Birch bark drug may aid heart treatment
The compound, called betulin, targets genes involved in the production of harmful blood fats.
In animal studies it lowered cholesterol levels, helped to prevent diet-induced obesity, and reduced the risk of diabetes by improving insulin sensitivity.
Betulin is "abundant in birch bark" according to the Chinese team, led by Dr Bao-Liang Song, from the Shanghai Institutes for Biological Sciences.
Its medical potential was discovered after the researchers screened a number of compounds in search of a drug that targeted key gene-activating proteins.
Sterol regulatory element-binding proteins (SREBPs) help to "switch on" genes for cholesterol, fatty acids, and triglyceride blood fats. Laboratory cell studies showed that betulin lowered the activity of genes normally activated by SREBPs.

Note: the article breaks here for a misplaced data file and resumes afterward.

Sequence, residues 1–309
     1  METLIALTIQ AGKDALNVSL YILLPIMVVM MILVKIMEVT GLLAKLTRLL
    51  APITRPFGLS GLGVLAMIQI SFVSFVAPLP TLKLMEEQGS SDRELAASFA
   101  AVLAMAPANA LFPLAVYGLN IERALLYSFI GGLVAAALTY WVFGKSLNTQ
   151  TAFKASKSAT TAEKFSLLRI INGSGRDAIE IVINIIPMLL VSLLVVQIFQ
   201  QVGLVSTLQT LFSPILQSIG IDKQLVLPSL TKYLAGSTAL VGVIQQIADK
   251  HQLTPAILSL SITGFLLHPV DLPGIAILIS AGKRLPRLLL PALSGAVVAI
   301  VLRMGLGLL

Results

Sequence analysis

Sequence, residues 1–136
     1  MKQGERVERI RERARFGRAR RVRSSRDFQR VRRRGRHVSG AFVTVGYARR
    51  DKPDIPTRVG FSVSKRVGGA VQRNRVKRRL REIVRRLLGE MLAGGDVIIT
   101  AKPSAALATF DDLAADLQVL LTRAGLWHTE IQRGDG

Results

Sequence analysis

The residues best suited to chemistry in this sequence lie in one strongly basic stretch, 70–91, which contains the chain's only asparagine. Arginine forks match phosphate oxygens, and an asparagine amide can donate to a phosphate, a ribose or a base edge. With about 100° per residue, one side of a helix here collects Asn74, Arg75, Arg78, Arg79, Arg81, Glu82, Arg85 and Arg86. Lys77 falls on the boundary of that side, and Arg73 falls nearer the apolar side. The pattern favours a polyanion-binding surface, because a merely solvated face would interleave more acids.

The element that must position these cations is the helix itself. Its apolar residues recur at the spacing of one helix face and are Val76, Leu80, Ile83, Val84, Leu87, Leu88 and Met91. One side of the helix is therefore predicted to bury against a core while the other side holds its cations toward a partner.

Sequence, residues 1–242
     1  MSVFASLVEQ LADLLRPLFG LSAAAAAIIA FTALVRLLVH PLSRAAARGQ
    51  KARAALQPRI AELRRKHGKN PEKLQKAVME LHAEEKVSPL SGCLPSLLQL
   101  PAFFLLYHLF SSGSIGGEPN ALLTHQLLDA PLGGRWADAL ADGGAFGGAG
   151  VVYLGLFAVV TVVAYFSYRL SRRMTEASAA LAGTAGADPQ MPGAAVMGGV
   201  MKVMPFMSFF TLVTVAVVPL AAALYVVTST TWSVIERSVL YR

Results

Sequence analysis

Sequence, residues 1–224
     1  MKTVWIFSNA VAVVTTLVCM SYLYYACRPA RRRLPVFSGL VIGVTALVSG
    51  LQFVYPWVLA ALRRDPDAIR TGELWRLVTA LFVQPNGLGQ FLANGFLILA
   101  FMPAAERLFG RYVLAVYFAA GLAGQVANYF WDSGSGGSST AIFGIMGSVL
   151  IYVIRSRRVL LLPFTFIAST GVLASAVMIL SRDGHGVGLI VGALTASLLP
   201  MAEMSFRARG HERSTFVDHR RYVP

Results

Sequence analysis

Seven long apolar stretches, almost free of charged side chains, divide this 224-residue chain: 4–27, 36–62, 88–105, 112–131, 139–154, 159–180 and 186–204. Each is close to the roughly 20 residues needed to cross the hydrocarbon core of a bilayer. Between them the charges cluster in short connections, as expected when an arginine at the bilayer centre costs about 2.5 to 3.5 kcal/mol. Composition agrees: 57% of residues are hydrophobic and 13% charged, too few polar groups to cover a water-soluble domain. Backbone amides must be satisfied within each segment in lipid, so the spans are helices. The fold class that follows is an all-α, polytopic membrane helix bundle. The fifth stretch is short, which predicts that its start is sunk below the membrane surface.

Further work confirmed the beneficial effects of betulin in mice.
Compared with the inactive treatment, both drugs caused over-fed mice to gain less weight, while working in different ways. Betulin led the animals to burn up more calories, while lovastatin reduced the amount of fatty molecules called lipids taken up from the diet.
Betulin also lowered lipids in blood, liver, and fatty tissue, and made the mice more sensitive to the sugar uptake hormone insulin.
Heart disease-prone mice suffered less atherosclerosis - the build-up of harmful hard deposits on artery walls - when treated with either betulin or lovastatin.
Reporting their findings in the journal Cell Metabolism, the researchers wrote: "We have identified a specific small molecule inhibitor of SREBP, betulin, which decreases lipid levels, enhances insulin sensitivity, and reduces the development of atherosclerotic plaques."